From Screwing the Pooch by J. B. Bergstad

On the Move

It was midsummer, I’m sure of it. I know because I wasn’t cooped up in a hot, crowded schoolroom, itching, scratching and smelling eraser dust. Soon I would be assigned a desk in another new school. I would be the new guy. Again. I would have to adapt and quickly if past experience was any teacher. I yearned for a little more time. If only there were a few more weeks of summer.

I kept telling myself to cool it, I’d been in this jam before. Then again mom and dad said this time things were going to be different. This time my dad built a brand new, permanent home and this new neighborhood would be our last new neighborhood for a long time.

Last or not, new schools were a crapshoot. As if that wasn’t enough, I was only eleven-years-old. Add the final zinger it was my last year of grammar school. It was all enough to superheat a small, prepubescent brain like mine…

 ~ ()()()() ~

One

 Compton, California

Summer – 1949

Nineteen-forty-nine. Looking back it was my banner year. In that magic year I had bigger dirt clods to harvest and bitchin’ throwing rocks to gather. I needed friends and playmates and I was looking for kids who could share kid secrets. I ventured outside that first day looking for someone my own age. Maybe I would find some guys who liked to play guns or catch. Hide and seek and kick the can would be good. Capture the flag would do just fine, I had high hopes.

It was overcast that first day in the new neighborhood, hot and muggy. Right off the bat a kid came out of the house next door. Wonder of wonders he was about my age.

We sniffed around each other. We nodded. We kicked the dirt with our bare feet. We yepped and noed. We did the dance and then got around to names. The kid stuck his finger in his ear and said, “Name’s Quentin Kingman…” His voice trailed off and then he finished with, “I’m ten.”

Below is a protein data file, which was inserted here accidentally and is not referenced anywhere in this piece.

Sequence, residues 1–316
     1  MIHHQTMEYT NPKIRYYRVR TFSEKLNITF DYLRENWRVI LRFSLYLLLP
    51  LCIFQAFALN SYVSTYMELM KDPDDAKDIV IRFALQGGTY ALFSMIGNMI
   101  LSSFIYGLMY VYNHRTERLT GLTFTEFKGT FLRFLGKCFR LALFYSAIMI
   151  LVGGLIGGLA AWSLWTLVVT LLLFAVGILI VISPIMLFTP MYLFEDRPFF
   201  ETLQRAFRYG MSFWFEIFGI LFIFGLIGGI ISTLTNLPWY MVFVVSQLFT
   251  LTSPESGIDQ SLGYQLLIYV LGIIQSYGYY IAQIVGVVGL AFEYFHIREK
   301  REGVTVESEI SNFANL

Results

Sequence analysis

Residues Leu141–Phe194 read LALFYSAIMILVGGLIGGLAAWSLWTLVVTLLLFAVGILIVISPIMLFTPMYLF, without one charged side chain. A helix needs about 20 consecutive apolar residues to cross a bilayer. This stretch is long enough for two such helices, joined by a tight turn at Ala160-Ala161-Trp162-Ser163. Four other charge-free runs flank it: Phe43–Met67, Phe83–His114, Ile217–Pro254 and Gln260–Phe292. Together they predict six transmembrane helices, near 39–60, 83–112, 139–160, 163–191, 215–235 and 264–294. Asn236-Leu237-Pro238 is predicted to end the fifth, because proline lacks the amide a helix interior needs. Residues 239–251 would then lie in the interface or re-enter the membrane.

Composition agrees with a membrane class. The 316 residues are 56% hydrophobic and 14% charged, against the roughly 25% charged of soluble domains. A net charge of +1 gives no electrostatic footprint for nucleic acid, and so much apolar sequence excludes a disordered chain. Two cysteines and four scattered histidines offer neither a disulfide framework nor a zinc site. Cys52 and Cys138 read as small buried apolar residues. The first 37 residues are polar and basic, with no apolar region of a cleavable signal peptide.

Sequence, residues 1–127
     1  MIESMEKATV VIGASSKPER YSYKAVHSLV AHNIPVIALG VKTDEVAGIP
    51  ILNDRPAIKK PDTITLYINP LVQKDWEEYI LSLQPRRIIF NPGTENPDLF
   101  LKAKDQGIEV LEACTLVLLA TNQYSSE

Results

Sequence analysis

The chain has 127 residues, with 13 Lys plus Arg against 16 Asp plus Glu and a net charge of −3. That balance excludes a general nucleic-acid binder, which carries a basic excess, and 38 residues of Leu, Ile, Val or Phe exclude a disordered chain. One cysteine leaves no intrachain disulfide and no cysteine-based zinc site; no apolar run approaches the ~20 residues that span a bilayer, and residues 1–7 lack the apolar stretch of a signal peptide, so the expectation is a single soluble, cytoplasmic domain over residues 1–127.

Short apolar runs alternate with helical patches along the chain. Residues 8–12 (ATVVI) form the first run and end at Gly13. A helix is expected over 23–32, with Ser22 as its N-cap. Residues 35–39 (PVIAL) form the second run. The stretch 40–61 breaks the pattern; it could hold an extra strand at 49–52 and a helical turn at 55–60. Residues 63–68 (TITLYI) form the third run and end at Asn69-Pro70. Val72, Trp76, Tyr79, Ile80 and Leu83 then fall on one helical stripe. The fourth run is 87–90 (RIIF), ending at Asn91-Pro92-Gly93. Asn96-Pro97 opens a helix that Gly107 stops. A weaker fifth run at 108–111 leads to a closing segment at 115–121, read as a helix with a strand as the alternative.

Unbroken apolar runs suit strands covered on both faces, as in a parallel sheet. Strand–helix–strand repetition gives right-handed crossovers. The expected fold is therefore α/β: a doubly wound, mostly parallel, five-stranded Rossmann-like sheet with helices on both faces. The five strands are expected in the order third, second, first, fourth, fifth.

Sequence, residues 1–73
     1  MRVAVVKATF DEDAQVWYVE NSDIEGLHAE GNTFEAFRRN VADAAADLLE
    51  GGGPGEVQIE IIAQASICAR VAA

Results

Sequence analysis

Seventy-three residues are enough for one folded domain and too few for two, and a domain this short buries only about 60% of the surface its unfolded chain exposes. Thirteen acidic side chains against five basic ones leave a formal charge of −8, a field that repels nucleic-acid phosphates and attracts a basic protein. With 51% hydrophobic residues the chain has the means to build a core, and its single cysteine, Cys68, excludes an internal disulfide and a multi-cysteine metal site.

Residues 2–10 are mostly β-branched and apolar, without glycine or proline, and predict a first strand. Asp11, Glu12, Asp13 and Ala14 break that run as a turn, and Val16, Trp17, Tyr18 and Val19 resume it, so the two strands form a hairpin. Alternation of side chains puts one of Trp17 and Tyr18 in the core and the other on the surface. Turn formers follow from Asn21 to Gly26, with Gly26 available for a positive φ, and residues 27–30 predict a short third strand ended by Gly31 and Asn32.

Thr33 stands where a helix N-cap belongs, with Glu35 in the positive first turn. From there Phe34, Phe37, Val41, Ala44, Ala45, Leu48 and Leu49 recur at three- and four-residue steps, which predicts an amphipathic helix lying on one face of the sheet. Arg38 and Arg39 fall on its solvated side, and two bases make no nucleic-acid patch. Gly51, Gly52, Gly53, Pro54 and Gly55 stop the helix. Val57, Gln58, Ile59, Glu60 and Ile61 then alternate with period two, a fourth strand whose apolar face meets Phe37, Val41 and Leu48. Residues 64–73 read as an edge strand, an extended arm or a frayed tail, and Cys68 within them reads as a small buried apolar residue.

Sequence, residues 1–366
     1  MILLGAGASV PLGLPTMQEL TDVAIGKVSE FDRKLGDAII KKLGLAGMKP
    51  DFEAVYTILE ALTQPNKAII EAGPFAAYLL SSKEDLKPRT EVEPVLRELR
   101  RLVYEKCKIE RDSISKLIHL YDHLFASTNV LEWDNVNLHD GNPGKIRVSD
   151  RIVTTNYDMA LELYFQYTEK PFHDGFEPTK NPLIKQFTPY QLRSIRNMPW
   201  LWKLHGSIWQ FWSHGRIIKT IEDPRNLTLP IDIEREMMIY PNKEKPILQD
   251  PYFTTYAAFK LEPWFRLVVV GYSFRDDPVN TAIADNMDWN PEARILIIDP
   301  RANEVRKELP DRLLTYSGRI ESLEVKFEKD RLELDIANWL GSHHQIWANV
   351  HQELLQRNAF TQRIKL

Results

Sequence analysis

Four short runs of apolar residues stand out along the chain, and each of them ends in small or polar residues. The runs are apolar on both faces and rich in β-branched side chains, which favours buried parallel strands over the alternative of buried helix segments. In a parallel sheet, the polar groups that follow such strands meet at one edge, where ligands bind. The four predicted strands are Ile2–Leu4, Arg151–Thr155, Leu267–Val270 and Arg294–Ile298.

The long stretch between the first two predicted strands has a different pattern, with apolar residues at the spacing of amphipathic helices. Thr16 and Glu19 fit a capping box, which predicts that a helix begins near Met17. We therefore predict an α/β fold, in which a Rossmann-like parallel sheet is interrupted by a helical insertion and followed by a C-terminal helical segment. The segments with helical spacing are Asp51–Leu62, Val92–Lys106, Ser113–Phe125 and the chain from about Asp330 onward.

I didn’t offer my hand, I was afraid I’d come away with earwax. “Jim,” I said. “I’m eleven. Man, that’s the weirdest name I ever heard.”

“Yeah it is,” Quentin said, “I hate it, but what the heck.” That was it. We were friends.

A huge sycamore tree stood on the corner across the street. Thick branches, full of broad leaves, spread a blanket of shade at its base. In the shelter of the shade a little guy crouched in the dust. He looked up a couple of times, but ignored us for the most part. The kid was making mounds out of the thin, powdered dirt at the base of the tree.

“Who’s the shrimp, what’s he doing?” I jerked my thumb in the direction of the corner.

Quentin shrugged. “Come on.”

We tiptoed through the rocks and weeds in the street’s meridian watching for cockleburs. We crossed without incident and surrounded the shrimp, who went on scooping up little mounds of dirt. It looked like he wanted to make mountains, but instead ended up with a few skinny pillars. Quentin nudged the shirtless little guy with his toe. “What’re you doing, Fireball?”

The shrimp looked up and smiled, three front teeth on his lower jaw were missing. “Nothing,” he said. “Making piles.”

Quentin looked at me and pointed. “This is Larry Schmidt, everybody calls him Fireball. You ought to see the little shit run. He’s greased lightning, boy.”

I stuck my hands in my pockets. Fireball looked like skin and bone to me. I wondered if he was goofy or slow in the head or something. “How come you’re making dirt piles?” I asked.

“Nothing better to do.” He grinned at me with a crafty squint to his eye. “Wanna race for a nickel?”

“I ain’t got a nickel, kid. Besides, if you won I’d have to kick your butt.” I said and smirked. When someone up the street yelled, “Hey Quentin, what’re you doing?” I looked up. Several houses away a kid stood in his front yard, hand shading his eyes.